PAWTUCKET â€” As PawSox manager Gary DiSarcina and pitching coach Rich Sauveur deftly explained, there are certain and significant areas that require Anthony Ranaudoâ€™s attention.
Mind you this particular topic has nothing to do with Ranaudoâ€™s ability to throw a baseball. In the promising righthanderâ€™s case, what DiSarcina and Sauveur are implying is that Ranaudo comprehends the importance of his â€śotherâ€ť duties, such as fielding the position and holding runners.
The two coaches touched upon the skills that need shoring up prior to Ranaudo blanking the Buffalo Bisons through 6.2 innings Tuesday night at McCoy Stadium.
â€śAnthonyâ€™s a big kid, so he doesnâ€™t have a lot working for him when he finishes, which is why youâ€™ll see him fall toward the first-base side of the mound. Thatâ€™s why balls hit his way are tough to get,â€ť was an observation that became apparent to DiSarcina not long after the 6-foot-7 Ranaudo joined Pawtucket earlier this month. â€śHow do you work on that? You get out and pitch. Anthony needs to experience things by making plays or errors â€¦ doing the things that will make him better.â€ť
Added Sauveur, â€śYou canâ€™t say that you want a pitcher to anticipate (baseballs hit back in his direction) because now youâ€™re going to have more attention paid toward fielding the ball rather than attacking the hitter. Anthony does need a lot of improvement on fielding, thereâ€™s no doubt about that, but when heâ€™s out there, heâ€™s got to worry about getting hitters out.
â€śNot everybody can have a good fielding position, especially the hard throwers, â€śSauveur continued. â€śI think heâ€™s done fairly well, but itâ€™s a work in progress.â€ť
On the subject of keeping baserunners in check, Sauveur noted that one motion that the Red Sox emphasize with their young pitchers upon reaching the Class AAA ranks is the slide step. To that end, Sauveur noted that Ranaudo has done a pretty good job in that area. International League teams have successfully stolen just one base during his first four starts with Pawtucket.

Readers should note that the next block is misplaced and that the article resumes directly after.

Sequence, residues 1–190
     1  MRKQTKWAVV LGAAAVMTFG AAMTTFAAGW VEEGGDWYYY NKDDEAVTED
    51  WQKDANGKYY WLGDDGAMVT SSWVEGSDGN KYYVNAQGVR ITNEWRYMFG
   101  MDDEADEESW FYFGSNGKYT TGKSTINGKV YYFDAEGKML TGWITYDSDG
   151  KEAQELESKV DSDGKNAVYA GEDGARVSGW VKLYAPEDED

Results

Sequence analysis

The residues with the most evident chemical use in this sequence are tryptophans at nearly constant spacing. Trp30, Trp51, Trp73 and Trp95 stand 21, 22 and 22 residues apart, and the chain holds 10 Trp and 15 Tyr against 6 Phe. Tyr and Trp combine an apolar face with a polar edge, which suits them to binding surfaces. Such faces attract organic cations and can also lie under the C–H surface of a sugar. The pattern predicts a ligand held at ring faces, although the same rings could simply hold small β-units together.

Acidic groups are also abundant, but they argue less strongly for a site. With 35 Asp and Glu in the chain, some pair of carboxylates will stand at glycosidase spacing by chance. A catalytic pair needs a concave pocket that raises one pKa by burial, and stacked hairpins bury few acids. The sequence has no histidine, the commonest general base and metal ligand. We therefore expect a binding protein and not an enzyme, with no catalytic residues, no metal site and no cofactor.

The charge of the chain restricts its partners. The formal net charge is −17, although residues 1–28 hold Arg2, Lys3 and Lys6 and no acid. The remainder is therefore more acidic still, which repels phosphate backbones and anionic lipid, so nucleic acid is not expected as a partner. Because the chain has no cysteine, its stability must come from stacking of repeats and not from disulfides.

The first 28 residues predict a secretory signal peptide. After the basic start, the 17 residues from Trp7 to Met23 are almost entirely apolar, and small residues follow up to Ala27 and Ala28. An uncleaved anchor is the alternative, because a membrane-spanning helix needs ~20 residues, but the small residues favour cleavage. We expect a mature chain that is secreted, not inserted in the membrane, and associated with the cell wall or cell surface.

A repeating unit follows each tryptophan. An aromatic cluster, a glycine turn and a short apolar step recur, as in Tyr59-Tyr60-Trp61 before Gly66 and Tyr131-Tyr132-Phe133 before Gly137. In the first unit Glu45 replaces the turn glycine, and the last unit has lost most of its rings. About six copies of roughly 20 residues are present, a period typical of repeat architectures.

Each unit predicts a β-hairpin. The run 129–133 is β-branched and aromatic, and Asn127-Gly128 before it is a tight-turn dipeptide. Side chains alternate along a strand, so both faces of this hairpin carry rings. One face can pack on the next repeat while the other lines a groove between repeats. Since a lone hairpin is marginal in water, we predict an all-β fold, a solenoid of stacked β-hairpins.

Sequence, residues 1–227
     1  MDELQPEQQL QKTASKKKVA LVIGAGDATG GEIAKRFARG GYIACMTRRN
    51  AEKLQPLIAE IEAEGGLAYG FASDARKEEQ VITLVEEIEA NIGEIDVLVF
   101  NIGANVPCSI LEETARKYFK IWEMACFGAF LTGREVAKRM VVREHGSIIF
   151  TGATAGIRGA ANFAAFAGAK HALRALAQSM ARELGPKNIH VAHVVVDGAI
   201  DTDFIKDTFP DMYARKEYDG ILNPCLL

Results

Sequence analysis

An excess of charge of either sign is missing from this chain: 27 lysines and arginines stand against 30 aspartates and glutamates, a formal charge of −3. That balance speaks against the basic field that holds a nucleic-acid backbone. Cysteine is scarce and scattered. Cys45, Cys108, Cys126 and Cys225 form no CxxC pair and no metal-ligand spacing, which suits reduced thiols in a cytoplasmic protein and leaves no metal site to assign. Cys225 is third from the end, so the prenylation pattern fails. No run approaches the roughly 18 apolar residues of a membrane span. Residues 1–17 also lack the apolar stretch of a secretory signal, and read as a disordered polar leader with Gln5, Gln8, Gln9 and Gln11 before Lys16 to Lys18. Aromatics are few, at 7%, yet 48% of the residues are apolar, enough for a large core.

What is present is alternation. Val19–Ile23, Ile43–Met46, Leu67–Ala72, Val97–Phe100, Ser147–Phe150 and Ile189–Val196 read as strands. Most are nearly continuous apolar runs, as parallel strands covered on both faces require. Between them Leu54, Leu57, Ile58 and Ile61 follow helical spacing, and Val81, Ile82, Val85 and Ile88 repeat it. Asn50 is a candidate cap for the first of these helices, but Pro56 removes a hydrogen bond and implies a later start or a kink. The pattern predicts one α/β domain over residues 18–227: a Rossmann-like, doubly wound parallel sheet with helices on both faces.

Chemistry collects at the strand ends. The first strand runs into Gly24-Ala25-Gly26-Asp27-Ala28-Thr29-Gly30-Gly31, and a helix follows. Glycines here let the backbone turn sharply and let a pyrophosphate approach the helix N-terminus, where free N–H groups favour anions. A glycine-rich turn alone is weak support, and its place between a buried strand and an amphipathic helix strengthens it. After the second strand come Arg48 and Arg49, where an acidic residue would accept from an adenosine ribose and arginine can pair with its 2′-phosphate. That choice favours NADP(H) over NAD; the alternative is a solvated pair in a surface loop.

â€śWhen they get to Boston, they need to be able to hold runners on,â€ť said Sauveur. â€śWhen they leave here, I want them to be able to have a side step and vary their looks to the plate. Thatâ€™s why they are here â€“ to learn and get better.â€ť
Staying on topic, DiSarcina noted, â€śAnthony doesnâ€™t have a slide step, and that needs to improve. The day of having 10-12 guys hitting 45-50 home runs is over. Itâ€™s about speed and taking extra bases. Thatâ€™s why you donâ€™t want to send a young pitcher up and see him get run on where he allows six stolen bases.
â€śA lot of guys donâ€™t know how to slide step. Itâ€™s not taught in Single-A ball because youâ€™re taught to throw strikes and pitch to contact. Holding runners is not a priority,â€ť DiSarcina continued. â€śOnce a pitcher gets to Double A and Triple A, itâ€™s about polishing up so you can give the catcher a chance to make a throw.â€ť
Given his close working relationship with Xander Bogaerts the past few seasons, itâ€™s probably not a shock to learn that Red Sox Minor-League Fielding Coordinator Andy Fox was beaming with pride upon learning that his prized pupil had gotten the call to the majors.
â€śIâ€™m probably as excited as he is just because of the work heâ€™s put in and the challenges that heâ€™s had,â€ť said Fox when reached at his California home Tuesday. â€śIâ€™m fired up for him. Heâ€™s worked his tail off to get there.â€ť
Fox mentioned that heâ€™s exchanged several congratulatory-themed text messages with Bogaerts. More well wishes will probably come Wednesday afternoon as Fox plans to visit AT&T Park to see Bostonâ€™s game against San Francisco.
â€śXander and I would always talk about him appearing in a big-league game,â€ť said Fox. â€śNow I have the chance to see it in person.â€ť
Fox doesnâ€™t foresee a problem where Bogaerts suddenly becomes complacent just because heâ€™s reached the final destination that all professional baseball players seek to reach.
â€śWhen he came up to Pawtucket, he had to learn the things that go on in Triple A. Itâ€™s no different in the big leagues just because itâ€™s a new stage,â€ť said Fox. â€śThe way heâ€™s gone about things and the way heâ€™s adapted, he actually has an aptitude where heâ€™ll look at it and learn from any sort of challenge.â€ť
EXTRA BASES: Doling out playing to two catchers on the 40-man roster is nothing new to DiSarcina. With Ryan Lavarnway back in town, DiSarcina plans to have him and the white-hot Dan Butler in the same lineup on a daily basis. Lavarnway will catch four times a week with Butler getting three starting nods behind the plate. When one is catching, the other one will serve as Pawtucketâ€™s DH. â€śThey need their at-bats,â€ť said DiSarcina. â€¦ Rubby De La Rosa will pitch â€śmeaningful inningsâ€ť out of the bullpen for the PawSox, according to DiSarcina. â€śWe want to get him into some pressure situations.â€ť All 20 of De La Rosaâ€™s appearances with Pawtucket this season have come in a starting role. â€¦ The PawSox will bus to Moosic, Pa. for a four-game series against Scranton/Wilkes-Barre that commences Wednesday night. The locals will be back at McCoy Stadium next Sunday to kickoff the final homestand of the season, a seven-game stretch that will feature three contests against Scranton/WB and four against Syracuse. â€¦ As a friendly reminder, tickets for all potential PawSox playoff home games are on sale. Call (401) 724-7300 or visit www.pawsox.com for more information.
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